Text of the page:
The news of Elon Musk's desire to expand his business ventures in Southeast Asia is not new. Since 2021, Indonesia had initiated virtual discussions and, a year later, met Elon Musk in person to entice him to invest in the country.
However, in the first quarter of 2023, Malaysia surprised the public with the official announcement of Tesla's investment within its borders, sparking excitement among its citizens.
In a recent interview with Fortune Magazine, Prime Minister Datuk Seri Anwar Ibrahim disclosed how he negotiated with Elon Musk to invest in Malaysia over neighboring countries.
Anwar Ibrahim recently struck an impactful deal with Elon Musk to bring Starlink and Tesla opportunities into the country and hopes more deals will follow. https://t.co/BQurMrF0A6 pic.twitter.com/D9xPdihvnH— FORTUNE (@FortuneMagazine) September 1, 2023
"As much as I know about him, he knows little bit about me. So, I said to him, 'Look, I've suffered immensely in the process. Now I'm given this opportunity, and I am in business. I want to effect the change and I want to do it now. Whatever is necessary will be done. I love my country, and I think it has great potential and capacity.'"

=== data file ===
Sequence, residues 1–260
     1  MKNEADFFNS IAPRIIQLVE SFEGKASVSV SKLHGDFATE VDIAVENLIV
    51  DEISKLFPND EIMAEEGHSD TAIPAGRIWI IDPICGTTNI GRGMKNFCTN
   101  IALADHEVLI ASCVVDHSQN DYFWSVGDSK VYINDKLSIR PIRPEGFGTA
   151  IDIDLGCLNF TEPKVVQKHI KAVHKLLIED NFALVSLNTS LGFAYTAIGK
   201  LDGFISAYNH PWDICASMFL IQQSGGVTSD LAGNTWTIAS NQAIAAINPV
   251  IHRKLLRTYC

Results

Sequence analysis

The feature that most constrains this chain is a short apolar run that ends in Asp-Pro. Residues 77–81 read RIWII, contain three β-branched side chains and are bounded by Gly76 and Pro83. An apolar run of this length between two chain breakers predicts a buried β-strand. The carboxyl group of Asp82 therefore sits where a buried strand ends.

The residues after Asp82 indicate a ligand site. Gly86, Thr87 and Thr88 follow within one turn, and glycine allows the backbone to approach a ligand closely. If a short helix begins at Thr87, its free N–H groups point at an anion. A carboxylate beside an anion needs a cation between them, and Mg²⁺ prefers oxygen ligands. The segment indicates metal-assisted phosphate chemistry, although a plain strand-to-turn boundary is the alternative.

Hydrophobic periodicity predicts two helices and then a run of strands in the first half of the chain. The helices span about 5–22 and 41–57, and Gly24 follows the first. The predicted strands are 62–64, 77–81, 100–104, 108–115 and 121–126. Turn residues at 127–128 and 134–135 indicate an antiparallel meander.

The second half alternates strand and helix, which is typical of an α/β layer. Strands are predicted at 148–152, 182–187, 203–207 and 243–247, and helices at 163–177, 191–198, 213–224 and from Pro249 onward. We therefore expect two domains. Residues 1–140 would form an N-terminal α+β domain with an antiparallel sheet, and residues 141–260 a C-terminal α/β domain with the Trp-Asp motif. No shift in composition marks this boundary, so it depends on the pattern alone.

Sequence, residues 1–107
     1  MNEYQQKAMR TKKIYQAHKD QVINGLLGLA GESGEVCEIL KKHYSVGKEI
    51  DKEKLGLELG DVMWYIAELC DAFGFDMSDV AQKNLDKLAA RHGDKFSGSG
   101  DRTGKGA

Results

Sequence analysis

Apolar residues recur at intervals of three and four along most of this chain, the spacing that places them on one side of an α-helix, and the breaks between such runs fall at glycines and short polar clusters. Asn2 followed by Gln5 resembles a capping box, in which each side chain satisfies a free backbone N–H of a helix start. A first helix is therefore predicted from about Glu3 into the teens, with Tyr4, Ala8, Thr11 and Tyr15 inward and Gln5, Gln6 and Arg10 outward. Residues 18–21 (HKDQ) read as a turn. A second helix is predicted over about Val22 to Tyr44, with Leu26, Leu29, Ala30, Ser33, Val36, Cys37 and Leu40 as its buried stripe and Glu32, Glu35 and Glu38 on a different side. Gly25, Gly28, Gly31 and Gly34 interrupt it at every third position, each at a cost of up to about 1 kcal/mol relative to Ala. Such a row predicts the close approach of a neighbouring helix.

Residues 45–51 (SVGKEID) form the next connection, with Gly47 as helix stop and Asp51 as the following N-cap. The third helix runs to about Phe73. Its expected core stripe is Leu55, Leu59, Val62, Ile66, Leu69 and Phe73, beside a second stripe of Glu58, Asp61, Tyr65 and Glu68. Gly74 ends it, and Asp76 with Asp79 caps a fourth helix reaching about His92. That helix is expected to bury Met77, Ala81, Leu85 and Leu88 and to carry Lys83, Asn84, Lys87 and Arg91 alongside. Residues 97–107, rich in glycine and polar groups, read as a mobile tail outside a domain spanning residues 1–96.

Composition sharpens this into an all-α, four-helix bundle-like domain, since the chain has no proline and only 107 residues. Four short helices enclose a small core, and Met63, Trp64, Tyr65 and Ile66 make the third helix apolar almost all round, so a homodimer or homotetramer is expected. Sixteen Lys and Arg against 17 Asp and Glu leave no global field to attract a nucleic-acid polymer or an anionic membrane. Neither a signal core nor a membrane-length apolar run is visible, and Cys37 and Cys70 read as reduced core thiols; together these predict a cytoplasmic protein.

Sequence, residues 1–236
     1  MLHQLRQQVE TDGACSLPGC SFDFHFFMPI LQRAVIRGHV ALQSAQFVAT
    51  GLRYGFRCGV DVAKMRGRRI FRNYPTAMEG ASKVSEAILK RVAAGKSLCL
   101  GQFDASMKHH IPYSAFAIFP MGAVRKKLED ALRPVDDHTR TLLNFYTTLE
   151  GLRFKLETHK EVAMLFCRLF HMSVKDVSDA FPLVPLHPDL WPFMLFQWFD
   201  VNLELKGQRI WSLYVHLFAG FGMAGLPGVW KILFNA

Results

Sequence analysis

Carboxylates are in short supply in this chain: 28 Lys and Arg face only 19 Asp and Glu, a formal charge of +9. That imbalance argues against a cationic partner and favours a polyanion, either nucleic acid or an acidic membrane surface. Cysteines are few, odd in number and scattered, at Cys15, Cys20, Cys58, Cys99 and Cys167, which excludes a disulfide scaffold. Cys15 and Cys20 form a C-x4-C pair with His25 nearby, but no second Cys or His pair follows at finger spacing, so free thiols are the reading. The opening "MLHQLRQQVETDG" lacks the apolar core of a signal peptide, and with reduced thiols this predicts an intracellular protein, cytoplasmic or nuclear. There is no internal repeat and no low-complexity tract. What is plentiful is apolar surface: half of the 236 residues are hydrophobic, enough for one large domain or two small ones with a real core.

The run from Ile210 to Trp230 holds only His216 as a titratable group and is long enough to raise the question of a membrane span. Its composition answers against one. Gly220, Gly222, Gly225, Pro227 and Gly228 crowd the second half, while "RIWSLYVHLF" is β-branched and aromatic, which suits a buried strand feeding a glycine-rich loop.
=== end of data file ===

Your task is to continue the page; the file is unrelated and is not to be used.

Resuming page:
"I made it clear and blunt to him to say that he doesn't need to worry about all the other nitty-gritty bureaucratic encumbrances he may face when dealing with some other countries," Anwar Ibrahim told Fortune Magazine's Editor-in-Chief, Alyson Shontell, and Fortune China's Executive Editor, Maiwen Zhang.
Anwar further explained that Elon Musk was aware of Malaysia's history. At SpaceX, Elon Musk has three major companies (from Malaysia) involved in space operations in terms of spare parts, allowing him to gauge Malaysia's potential.
"What was lacking was a clear policy and commitment by the leadership, and we have complemented that."
"And of course, I am exceedingly pleased that they could come up with a very fast decision and set up their original office here," Anwar said.
He also informed Elon Musk that he was ready to make swift changes to attract more investments.
In the interview, Anwar clarified that Malaysia had previously lacked "clear policies and commitments" from previous leadership, which had hindered Musk and other world-renowned business leaders from investing more in the country until now.
Malaysia has exempted Tesla and SpaceX from the "prehistoric dinosaur regulations" of local ownership that had been practiced for decades. Unlike other foreign car manufacturers, Tesla can directly sell cars to Malaysian consumers without the need for local partners. Starlink, too, has been exempted from local regulations that restrict foreign companies from owning more than 49% of Malaysian internet providers.